Mobile libary cuts are criticised
CONTROVERSIAL plans to cut mobile library services in Essex were criticised yesterday. Essex County Council is currently looking to reduce the number of its vehicles by more than a third, from 16 to 10, saying some of its fleet are outdated and no longer suitable for the job.
CONTROVERSIAL plans to cut mobile library services in Essex were criticised yesterday.
Essex County Council is currently looking to reduce the number of its vehicles by more than a third, from 16 to 10, saying some of its fleet are outdated and no longer suitable for the job.
But many elderly people, especially in rural communities reliant on the service, are concerned about the impact the changes could have.
The council said it hoped the plans would increase efficiency and give value for money - while still attempting to maintain an acceptable level of service.
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But following a meeting to develop the policy yesterday, the Liberal Democrat group at Essex County Council said it was refusing to endorse the plans.
Theresa Higgins, spokeswoman for community services, said: “Conservative plans to reduce mobile library services will affect the elderly and disabled the most, defeating the object of getting libraries out into the community.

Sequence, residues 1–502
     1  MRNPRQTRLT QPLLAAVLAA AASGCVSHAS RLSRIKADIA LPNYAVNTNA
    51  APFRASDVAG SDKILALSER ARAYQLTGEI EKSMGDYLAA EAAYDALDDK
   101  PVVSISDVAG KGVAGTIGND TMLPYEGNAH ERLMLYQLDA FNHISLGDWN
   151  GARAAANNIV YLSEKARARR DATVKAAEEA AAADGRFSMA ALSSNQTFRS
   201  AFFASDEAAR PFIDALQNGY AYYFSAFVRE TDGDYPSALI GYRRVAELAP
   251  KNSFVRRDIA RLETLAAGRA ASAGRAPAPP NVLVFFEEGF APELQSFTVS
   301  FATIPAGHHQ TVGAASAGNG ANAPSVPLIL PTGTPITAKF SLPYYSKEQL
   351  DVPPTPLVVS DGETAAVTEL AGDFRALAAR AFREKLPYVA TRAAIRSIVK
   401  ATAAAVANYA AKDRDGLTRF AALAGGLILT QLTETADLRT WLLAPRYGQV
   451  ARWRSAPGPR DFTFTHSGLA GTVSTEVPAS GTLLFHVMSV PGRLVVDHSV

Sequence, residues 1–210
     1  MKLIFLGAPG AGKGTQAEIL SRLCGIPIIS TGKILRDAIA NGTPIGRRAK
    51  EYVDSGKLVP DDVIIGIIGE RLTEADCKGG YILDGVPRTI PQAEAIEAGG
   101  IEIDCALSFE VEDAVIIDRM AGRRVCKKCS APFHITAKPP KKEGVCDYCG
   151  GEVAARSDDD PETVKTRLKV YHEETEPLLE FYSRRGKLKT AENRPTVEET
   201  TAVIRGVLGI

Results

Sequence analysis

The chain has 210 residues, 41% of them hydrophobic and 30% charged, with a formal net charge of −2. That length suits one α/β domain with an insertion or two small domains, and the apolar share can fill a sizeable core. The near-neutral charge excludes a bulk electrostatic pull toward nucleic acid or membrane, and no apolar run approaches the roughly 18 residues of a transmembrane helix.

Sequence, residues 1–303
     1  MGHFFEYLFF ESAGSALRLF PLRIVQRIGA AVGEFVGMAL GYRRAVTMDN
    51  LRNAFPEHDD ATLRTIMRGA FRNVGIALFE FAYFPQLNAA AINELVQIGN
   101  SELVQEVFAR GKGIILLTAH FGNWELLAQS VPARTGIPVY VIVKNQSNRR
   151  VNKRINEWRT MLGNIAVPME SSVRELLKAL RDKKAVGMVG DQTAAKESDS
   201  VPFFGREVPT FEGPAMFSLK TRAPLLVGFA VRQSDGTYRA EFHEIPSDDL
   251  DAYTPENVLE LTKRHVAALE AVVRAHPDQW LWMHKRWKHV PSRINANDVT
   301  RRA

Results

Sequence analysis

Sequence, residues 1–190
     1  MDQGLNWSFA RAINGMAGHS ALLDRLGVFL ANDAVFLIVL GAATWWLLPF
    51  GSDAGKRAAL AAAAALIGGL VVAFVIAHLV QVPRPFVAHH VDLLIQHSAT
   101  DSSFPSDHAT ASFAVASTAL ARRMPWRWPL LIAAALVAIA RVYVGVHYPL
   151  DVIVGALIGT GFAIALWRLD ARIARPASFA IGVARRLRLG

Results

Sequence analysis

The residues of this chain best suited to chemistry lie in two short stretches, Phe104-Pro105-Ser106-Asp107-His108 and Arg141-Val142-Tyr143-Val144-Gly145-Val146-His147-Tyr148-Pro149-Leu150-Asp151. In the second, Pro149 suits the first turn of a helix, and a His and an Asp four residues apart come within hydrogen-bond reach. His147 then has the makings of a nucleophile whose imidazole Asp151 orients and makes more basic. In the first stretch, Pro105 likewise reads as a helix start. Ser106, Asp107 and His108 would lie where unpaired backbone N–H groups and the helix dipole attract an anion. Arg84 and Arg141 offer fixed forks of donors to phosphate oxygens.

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“At a time when the population is ageing, it is vital to preserve access to reading and learning for those who are unable to get to static libraries.”
She added: “I am also concerned that this appears to be part of the county council's cost-cutting exercise, which the Conservatives have said will not affect frontline services.
“In the light of that, this proposal throws up questions about staff redundancies that were not sufficiently addressed in today's meeting.”
The mobile library service currently operates on a weekly basis with 13 vehicles visiting 640 stops across the county.
Three other mobiles visit old people's homes and sheltered accommodation on a four-weekly cycle.
Last night, Iris Pummel, the cabinet member in charge of community services, said the 10 remaining buses would all be the latest models, especially equipped for access for elderly and disabled people.
“The ones that we are considering getting rid of are ageing, out-of-date ones, that quite honestly we don't have the money for as we have to find savings of £100million.
“We have got a good network of 'libraries direct' where books are delivered to people's homes right across the county.
“This is about better services for local people. There could be job losses, but there needn't be.”
The plans will now go out to the public for consultation and a decision is due later this year.